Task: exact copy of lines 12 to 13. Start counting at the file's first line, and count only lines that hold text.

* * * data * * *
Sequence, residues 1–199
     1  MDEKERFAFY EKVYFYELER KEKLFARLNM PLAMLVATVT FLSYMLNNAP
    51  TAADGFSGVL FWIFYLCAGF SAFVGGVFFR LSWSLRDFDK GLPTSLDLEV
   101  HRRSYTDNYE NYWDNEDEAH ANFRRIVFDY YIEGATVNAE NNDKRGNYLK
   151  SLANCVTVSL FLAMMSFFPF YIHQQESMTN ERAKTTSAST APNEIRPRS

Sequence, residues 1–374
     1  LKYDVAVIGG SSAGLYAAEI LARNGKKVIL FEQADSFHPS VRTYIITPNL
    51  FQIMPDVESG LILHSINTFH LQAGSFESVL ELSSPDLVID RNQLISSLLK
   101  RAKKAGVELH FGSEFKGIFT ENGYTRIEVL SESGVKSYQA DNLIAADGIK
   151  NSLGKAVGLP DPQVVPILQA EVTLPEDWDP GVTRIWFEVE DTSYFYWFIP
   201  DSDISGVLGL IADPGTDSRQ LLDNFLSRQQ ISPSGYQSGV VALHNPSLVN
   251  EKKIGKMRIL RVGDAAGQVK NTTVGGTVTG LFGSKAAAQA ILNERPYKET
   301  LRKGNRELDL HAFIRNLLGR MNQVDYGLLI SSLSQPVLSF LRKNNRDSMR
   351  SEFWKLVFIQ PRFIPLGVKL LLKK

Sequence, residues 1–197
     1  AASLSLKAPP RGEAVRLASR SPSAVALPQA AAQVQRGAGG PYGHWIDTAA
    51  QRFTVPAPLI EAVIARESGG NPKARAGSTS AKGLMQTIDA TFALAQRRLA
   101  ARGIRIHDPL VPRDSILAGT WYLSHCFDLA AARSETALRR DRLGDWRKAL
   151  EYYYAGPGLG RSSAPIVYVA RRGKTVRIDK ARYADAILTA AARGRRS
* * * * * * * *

   251  EKKIGKMRIL RVGDAAGQVK NTTVGGTVTG LFGSKAAAQA ILNERPYKET
   301  LRKGNRELDL HAFIRNLLGR MNQVDYGLLI SSLSQPVLSF LRKNNRDSMR